- Worst-case scenario, the hiring manager is a former Olympic athlete who realizes how little you truly know about it and terminates the interview on the spot.
- Don't say anything unlawful. Enough of it. Also, this isn't college, and your love of drinking and smoking isn't a pastime.
- Spending time with pals. This is tedious. Discuss what you and your buddies truly do. Rather than play video games or board games.
Tips for answering this interview question
- Begin vaguely, then gradually become more explicit. For example, before you start talking about your favorite Starcraft build orders, try talking about how much you enjoy video games in general to evaluate the hiring manager's interest.
- Be enthusiastic. When you start talking about your interests, make sure you demonstrate how essential they are to you. Speak with excitement, otherwise, the recruiter may mistrust your true interest in what you're discussing.
- Bring up beneficial hobbies. It's fine to discuss some of your less "interesting" activities, such as watching Netflix or going on long walks but be sure to balance them out by bringing up other positive pastimes as well.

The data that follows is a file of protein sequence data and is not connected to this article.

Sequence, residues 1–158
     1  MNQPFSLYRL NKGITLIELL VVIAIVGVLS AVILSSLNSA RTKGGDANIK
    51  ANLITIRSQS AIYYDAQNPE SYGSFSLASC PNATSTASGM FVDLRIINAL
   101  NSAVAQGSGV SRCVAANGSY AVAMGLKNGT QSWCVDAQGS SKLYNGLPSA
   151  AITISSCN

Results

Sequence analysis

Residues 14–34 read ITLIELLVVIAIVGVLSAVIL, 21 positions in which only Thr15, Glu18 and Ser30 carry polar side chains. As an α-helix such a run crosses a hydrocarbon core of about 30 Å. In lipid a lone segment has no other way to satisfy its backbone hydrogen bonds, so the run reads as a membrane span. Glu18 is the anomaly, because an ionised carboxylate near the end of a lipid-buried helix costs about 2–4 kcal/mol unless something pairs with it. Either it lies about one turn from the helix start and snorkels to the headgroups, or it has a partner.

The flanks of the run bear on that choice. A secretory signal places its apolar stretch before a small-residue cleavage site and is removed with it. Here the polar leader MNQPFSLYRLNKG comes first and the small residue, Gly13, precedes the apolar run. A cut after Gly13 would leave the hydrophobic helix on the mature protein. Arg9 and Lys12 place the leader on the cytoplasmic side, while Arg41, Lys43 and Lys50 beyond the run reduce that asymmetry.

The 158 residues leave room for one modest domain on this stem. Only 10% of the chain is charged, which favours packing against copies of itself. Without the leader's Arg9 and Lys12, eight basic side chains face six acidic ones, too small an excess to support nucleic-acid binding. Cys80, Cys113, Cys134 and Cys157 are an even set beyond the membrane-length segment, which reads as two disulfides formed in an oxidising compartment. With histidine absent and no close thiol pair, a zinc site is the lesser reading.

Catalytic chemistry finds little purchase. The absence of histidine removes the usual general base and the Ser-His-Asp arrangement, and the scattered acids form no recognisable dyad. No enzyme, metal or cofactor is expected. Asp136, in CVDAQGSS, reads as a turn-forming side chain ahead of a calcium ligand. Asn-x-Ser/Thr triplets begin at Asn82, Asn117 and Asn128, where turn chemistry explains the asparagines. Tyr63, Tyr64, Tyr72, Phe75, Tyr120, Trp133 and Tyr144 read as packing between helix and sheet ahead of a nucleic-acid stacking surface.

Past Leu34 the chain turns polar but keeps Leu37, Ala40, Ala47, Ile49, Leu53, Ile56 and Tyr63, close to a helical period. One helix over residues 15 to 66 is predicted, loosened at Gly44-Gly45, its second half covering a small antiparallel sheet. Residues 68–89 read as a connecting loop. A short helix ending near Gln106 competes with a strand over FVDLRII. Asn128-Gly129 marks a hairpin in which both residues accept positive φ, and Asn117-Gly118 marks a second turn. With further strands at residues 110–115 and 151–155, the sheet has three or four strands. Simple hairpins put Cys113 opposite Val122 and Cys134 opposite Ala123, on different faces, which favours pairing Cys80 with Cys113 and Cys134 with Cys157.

- Bring up hobbies as a last resort. If you're having problems coming up with productive hobbies, try talking about your interests or hobbies that you've had in the past or would like to have in the future.
- Respond to the question directly. Don't try to escape the topic by talking about things you don't want to do. The hiring manager will be perplexed as to why you are attempting to avoid answering the question and will presume the worst.
Hiring managers want to know that you're passionate about what the job entails. And that you have a good work-life balance, too. This ensures that you'll be a beneficial addition to the company culture. It helps establish common ground between you and the other employees.
Hobbies to bring up
Here are hobbies that you may want to include in your response:
- Playing sports.
- Rock climbing.
- Having small talk with strangers.
- Volunteer work.
- Learning new musical instruments.
- Solving crossword puzzles.